Also shaping U.S. perceptions, is Tokyo's success in finalizing a revised TPP which will be concluded March 8. And TPP reflects a larger global trend of accelerated hedging against the uncertainty of the U.S. trajectory. Thus, the EU and Japan have concluded a trade deal, following an EU-Canada pact. The EU is exploring other trade deals with Mercosur in Latin America, and Latin nations like Mexico are pursuing deals with ASEAN and others.

The third factor is the global stature assumed by a rising China and its leader Xi Jinping, which Trump's recent National Security Strategy dubbed a "strategic competitor." The specter of Xi shaping the rules and assuming the mantle of global leadership grates on the White House.

In sum, there is glaring evidence that the world is moving on without the U.S. This is further accentuated by heavy lobbying by U.S. agricultural interests and industries concerned they may lose market opportunities in Asia and elsewhere as preferential trade arrangements take hold.

But with Tokyo making it clear that TPP is moving forward regardless of Trump's comments, is it too late for the U.S. to get back in the game? Maybe not. Japan's Trade Minister Hiroshige Seko last Friday, "We welcome President Trump's first display of positive interest [in the pact], even though it comes with various conditions attached."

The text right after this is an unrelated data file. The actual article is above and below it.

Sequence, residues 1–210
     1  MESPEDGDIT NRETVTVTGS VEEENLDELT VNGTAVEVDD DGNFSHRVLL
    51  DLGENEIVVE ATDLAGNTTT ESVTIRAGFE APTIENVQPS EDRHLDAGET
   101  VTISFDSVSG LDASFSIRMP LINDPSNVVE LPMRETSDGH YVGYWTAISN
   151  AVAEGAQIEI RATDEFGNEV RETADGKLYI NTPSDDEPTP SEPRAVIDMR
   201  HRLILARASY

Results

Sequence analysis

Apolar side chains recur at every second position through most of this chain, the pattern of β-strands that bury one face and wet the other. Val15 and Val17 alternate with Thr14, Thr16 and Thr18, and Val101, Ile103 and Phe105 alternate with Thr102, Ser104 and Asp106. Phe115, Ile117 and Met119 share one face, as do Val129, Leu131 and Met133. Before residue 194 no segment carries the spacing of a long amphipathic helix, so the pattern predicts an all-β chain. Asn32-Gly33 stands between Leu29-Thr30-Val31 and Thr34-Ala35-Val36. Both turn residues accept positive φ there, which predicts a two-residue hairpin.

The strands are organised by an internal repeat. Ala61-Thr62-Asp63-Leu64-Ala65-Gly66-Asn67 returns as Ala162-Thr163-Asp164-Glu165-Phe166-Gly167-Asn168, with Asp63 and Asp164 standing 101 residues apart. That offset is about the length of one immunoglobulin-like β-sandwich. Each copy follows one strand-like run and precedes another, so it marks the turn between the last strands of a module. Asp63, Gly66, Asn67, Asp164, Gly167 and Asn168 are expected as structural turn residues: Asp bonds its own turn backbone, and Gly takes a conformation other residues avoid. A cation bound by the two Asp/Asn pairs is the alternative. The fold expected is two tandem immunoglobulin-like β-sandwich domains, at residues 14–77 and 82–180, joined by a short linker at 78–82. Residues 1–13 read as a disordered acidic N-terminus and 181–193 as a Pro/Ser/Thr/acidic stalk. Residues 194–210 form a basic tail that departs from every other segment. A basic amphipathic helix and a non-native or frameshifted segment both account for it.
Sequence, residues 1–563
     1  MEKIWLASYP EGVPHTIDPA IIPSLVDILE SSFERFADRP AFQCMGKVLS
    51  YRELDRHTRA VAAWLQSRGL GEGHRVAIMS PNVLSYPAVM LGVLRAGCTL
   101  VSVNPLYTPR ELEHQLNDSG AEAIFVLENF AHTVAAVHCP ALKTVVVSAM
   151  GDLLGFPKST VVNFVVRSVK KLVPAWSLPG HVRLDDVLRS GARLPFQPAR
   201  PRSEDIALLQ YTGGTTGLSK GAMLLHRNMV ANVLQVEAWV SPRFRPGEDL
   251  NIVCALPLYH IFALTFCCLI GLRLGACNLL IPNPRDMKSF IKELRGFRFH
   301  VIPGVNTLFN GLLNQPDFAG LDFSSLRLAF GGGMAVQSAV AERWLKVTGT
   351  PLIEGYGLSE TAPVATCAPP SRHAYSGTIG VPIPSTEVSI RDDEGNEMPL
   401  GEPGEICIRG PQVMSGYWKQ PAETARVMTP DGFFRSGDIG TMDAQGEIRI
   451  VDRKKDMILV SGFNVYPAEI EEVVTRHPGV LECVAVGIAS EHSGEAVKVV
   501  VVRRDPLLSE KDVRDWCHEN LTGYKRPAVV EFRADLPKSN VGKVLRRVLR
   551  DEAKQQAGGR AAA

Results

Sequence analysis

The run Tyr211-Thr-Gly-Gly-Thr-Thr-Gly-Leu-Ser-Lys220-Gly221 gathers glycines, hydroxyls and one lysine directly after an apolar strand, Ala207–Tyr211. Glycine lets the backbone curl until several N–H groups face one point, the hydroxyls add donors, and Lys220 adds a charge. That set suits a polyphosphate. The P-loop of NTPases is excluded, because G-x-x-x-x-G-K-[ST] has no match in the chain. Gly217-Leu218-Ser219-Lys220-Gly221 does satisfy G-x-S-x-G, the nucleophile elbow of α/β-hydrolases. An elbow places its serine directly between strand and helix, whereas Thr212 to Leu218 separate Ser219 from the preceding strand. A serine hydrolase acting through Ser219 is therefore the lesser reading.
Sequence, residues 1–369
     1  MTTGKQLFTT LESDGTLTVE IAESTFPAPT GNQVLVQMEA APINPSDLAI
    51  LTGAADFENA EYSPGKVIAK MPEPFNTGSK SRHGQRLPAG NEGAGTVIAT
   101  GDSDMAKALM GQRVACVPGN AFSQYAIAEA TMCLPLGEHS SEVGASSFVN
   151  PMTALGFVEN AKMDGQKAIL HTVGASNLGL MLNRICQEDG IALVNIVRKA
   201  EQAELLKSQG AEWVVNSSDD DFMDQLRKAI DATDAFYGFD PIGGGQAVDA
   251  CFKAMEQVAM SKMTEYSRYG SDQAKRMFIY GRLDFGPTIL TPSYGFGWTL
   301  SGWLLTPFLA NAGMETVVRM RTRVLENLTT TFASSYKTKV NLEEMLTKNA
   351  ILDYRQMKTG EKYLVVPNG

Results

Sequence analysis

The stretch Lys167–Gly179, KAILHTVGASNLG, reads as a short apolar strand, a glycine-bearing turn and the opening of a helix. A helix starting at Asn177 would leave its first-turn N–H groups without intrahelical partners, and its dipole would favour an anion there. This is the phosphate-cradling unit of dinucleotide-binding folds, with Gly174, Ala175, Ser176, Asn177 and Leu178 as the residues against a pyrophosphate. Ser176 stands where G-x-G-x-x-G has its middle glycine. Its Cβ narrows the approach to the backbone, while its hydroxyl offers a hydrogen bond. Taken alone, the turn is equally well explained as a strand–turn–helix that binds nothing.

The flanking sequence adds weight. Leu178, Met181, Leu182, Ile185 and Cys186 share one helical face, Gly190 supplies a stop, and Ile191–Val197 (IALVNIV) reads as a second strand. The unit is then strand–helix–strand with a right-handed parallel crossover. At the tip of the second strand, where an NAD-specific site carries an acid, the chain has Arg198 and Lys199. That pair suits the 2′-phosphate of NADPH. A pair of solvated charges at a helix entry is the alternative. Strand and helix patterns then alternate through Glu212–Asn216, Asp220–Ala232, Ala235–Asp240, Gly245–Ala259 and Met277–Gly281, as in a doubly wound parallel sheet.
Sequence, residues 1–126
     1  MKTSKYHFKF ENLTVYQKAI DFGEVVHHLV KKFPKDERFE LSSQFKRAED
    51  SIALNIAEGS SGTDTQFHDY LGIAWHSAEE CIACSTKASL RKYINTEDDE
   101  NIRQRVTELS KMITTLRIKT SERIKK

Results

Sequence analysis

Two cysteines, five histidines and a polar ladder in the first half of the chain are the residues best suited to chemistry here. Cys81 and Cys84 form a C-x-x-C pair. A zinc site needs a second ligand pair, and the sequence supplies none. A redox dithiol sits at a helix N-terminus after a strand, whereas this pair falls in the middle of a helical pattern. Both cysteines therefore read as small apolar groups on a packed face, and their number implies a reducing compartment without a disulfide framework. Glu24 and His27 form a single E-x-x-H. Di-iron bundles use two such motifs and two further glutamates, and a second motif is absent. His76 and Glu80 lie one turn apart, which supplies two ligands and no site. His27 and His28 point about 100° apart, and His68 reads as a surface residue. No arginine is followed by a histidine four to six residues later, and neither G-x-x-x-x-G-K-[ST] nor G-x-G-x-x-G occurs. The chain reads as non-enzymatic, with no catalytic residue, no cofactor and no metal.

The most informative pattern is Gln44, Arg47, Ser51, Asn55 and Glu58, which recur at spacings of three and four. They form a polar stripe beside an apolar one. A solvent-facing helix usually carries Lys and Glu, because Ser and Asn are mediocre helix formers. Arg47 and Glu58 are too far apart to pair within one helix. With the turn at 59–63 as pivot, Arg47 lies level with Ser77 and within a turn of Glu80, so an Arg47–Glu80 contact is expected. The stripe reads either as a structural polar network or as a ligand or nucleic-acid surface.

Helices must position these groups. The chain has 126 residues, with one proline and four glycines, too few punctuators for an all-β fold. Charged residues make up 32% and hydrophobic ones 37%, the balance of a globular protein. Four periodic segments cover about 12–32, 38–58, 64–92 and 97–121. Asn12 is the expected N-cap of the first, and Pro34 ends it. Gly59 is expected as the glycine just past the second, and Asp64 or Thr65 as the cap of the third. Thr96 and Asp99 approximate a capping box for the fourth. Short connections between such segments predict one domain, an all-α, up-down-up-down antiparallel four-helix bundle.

In fact, Prime Minister Shinzo Abe has been pressing Trump on TPP from their first meeting, and Japan's diplomacy has been designed to make it as easy as possible for the U.S. to reverse course. Access to the U.S. market was a driving force for many in TPP, and the accord was seen as a pillar of U.S. strategy and commitment to the region. By freezing key parts of TPP related to the U.S. in the revised TPP, Tokyo has sought to preserve the U.S. re-entry option.

Of course, the devil is in the details, and it remains to be seen whether the reality of a post-American Asia will compel Trump to temper his nationalism in the face of hard economic realities. Old myths die hard.

Robert A. Manning is a senior fellow of the Brent Scowcroft Center on International Security at the Atlantic Council and its Foresight, Strategy and Risks Initiative. He served as a senior counselor to the undersecretary of state for global affairs from 2001 to 2004, as a member of the U.S. Department of State Policy Planning Staff from 2004 to 2008, and on the National Intelligence Council Strategic Futures Group from 2008 to 2012.